Holcim, Lafarge Agree on Terms in Effort to Rescue Merger

Holcim Ltd. and Lafarge SA agreed on new merger terms and management changes in an effort to salvage the creation of a $48 billion cement company, while leaving open the contentious question of who will be chief executive officer.

Lafarge chief Bruno Lafont will now become co-chairman of the new entity alongside Holcim Chairman Wolfgang Reitzle, following resistance to Lafont becoming CEO. The companies also revised the exchange ratio so that Switzerland’s Holcim will give 0.90 of a share in return for one share of Paris-based Lafarge, instead of the original one-to-one ratio.

Holcim, in a letter to the French company on Sunday, had demanded a bigger stake and questioned the ability of Lafont to reach savings targets after its business outperformed Lafarge since the deal to create the world’s biggest cement maker was announced in April. Lafont and Holcim managers also clashed over issues including leadership style and strategy, people familiar with the situation have said.

A merger of such a size “doesn’t come without tension sometimes,” Lafont told reporters on a call today. “My attitude since Sunday is to show that men must not block the implementation of this merger.”

A new CEO will be proposed to both boards in coming weeks, Lafont said. A Lafarge candidate for CEO has been identified, according to people familiar with the matter. Beat Hess, a high-profile Swiss executive and board director at Holcim, will be vice-chairman.

M&A Bonanza

Lafarge rose as much as 4.6 percent in Paris, while Holcim shares gained as much as 2.2 percent in Zurich.

Holcim and Lafarge have predicted the merger will lead to cost savings of 1.4 billion euros annually, giving them an advantage over rivals as a global recession eroded demand for building materials and forced some kilns to run at a loss.

The decision to create a cement giant pushes the boundaries of M&A in an industry that had already seen heady, debt-fueled acquisitions in the run up to the financial crisis in 2008. Following the initial agreement last year, Holcim came under pressure from investors who increasingly saw the terms of the deal as unfavorable to them.

Shareholder Support

“The breakthrough was only possible because all participants considered the interests of the new company to be more important than personal ambitions,” Holcim’s biggest shareholder, Thomas Schmidheiny, said in a statement, adding that he’s happy with the outcome. “It is a strong sign that the industrial logic of the merger and the related long-term perspectives succeeded.”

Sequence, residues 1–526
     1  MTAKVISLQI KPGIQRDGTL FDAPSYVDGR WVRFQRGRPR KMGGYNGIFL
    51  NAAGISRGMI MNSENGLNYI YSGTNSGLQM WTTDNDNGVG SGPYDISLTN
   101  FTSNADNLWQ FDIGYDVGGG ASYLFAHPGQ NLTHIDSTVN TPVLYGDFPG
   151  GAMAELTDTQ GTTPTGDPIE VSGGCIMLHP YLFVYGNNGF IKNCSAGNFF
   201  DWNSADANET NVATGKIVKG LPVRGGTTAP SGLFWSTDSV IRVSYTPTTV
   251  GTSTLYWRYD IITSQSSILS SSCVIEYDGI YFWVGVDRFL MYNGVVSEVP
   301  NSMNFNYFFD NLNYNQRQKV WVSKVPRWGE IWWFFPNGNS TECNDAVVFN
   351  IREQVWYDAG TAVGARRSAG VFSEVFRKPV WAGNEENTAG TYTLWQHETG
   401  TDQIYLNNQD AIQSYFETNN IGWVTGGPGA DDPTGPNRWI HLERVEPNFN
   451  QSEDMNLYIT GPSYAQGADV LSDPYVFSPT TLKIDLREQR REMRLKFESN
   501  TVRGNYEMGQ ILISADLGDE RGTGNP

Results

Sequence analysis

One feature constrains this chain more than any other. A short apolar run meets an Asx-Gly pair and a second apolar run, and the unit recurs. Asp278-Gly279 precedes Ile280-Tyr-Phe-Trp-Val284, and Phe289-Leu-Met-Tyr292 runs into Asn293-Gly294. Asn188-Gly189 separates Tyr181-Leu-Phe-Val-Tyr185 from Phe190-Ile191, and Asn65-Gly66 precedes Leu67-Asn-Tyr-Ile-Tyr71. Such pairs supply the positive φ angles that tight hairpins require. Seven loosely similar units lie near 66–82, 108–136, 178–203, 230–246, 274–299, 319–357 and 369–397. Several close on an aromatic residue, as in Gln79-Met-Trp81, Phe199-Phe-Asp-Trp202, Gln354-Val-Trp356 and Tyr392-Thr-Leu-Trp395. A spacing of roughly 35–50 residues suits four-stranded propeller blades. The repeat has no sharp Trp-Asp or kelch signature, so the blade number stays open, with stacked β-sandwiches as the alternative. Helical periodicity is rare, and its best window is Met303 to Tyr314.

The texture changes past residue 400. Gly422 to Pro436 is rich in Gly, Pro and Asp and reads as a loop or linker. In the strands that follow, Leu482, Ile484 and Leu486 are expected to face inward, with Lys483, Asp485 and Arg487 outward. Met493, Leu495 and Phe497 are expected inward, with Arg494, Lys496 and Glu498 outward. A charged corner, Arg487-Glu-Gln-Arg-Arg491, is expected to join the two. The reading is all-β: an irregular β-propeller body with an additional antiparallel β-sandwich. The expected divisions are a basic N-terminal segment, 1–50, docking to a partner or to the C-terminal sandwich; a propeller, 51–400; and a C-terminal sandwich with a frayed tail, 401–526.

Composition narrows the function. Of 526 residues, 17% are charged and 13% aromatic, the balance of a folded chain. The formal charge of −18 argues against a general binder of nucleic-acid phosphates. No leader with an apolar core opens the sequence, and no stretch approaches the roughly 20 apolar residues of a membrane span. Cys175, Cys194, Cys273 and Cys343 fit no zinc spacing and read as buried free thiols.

The combined company will have a market value of about 47 billion Swiss francs ($47.6 billion) based on today’s price for Holcim stock and the number of shares that will be outstanding after the transaction closes.

The deal, with the renewed suppport of “certain key shareholders of both companies” should be completed in July, the cement makers said. Subject to shareholder approval, the new company will announce a “post-closing scrip dividend” of one new Lafarge-Holcim share for each 20 existing shares. Holcim was advised by Perella Weinberg Partners, led by Dietrich Becker, and Goldman Sachs Group Inc., headed up by Francois-Xavier de Mallmann. Lafarge worked with Zaoui & Co., led by co-founder Michael Zaoui, and Rothschild, with bankers Francois Wat and Gregoire Heuze.

Sanford C. Bernstein analyst Phil Roseberg said it’s not certain whether the new agreement will rescue the deal.

“It’s not the end of the story,” he said in a note. “The fate of the merger still rests with Holcim’s shareholders. The boards have secured an adjustment, but is this enough to convince shareholders?”

For the merger to go through, at least two-thirds of Holcim shareholders still must approve a capital increase.

Personality Clash

The dispute over leadership by the 58-year-old Frenchman Lafont shows how a clash of personalities can become the biggest liability in mergers. The gum-chewing, cigar smoking Lafont and soft-spoken Holcim CEO Bernard Fontana, who was due to remain in his post until the merger completion, have disagreed on key issues from the start, a person familiar with the matter said earlier this week.

“A face saving position has been found for Mr. Lafont, but the boards couldn’t find a new CEO within the ranks of Lafarge,” said Sanford C. Bernstein’s Roseberg. “They will now have to look outside, which is probably what they should have done in the first place.”

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